Like-Kind Exchanges

Generally speaking, when a property owner sells a piece of investment real estate they will pay tax on any increase in the appreciated value over the basis, or the original purchase price, of the real property. The amount of tax to be paid will depend upon if the property is held for less than one year (short term gain) or longer than one year (long term gain). Capital improvements and depreciation recapture also come into play on what the actual basis is in the property for tax purposes.

A strategy that land or property owners can employ to defer or lessen taxes on the sale of land or investment real estate is to do a like-kind exchange. Section 1031 of the Federal Internal Revenue Code (IRC) allows the investor in business or commercial real estate to trade, exchange, or invest funds or proceeds from a sale of investment property to other-or like-kind-property if it is done in accordance with regulations as set forth under §1031 IRC.

The theory is that the property owner should not pay tax on the increased value of the real estate or investment property if they are trading, exchanging, or reinvesting the proceeds in the same or “like-kind” property. Tax is eventually paid when the property is sold and the proceeds are cashed out-or invested in different investments, say stock, bonds, cash, life insurance, CDs, etc.

§1031 of IRC has been around for many years, since 1921, but has been aggressively used to defer or lessen taxes on appreciated investment real estate only in the last 15 years by property owners.

Tax-free 1031 exchanges are not exclusive to real estate property. Tax-free exchanges can apply to virtually any property, be it real, personal, automobiles, machinery, etc. The key is that you cannot exchange real property for personal property, i.e. you cannot exchange an appreciated piece of real estate for a classic Chevrolet Corvette. Tax-free exchanges are extremely useful when you have appreciated property and by and large real property texts to appreciate over time. If the property value has stayed the same or has gone down in value, the need for a 1031 exchange greatly diminishes as the tax implications on the sale will be minimal unless the property has been fully depreciated.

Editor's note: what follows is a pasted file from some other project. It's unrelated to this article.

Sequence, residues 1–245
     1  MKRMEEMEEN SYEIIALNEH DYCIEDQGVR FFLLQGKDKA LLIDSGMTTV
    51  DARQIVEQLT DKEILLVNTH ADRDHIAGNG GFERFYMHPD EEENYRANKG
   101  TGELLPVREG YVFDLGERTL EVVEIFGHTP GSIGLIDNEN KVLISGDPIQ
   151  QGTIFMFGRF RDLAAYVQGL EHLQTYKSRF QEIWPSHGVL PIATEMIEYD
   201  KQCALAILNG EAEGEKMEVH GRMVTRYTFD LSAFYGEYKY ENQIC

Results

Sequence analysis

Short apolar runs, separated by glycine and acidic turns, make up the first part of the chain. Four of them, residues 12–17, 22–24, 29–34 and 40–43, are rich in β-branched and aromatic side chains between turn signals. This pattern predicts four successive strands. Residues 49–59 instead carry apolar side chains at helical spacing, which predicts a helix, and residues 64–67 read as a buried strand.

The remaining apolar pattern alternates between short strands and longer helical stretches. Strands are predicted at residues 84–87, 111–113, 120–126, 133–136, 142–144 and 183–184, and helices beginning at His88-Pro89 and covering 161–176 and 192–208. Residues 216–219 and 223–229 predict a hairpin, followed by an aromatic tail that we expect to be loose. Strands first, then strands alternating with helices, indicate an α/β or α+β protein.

Finally, there are many regulations which govern like-kind or 1031 exchanges as set forth in the Federal IRC. For example, the proceeds from the sale must be made payable to a third party exchange agent and not the seller; the seller must identify the replacement property within 45 days after the initial sale is closed; and the replacement property must be purchased and closed within 180 days after the relinquished property has been sold. The investor who is considering a tax free exchange is cautioned to consult a tax and legal advisor as to the specifics of the exchange before the exchange occurs, so as not to trigger unnecessary taxes in the transaction.

Leave §1031 Alone

The House Ways and Means Committee and the Senate Finance Committee have taken measures to drastically reform, or altogether eliminate, the §1031 Like-Kind Exchange section of the IRS Code, which would have a significant negative impact on the value of real property.

Mark A. Critelli is an attorney in the law firm of Critelli Law Firm, P.C. He practices in the areas of Real Estate Law, Residential and Commercial and Foreclosure Defense, and Bankruptcy. He can be reached at (515) 255-8750.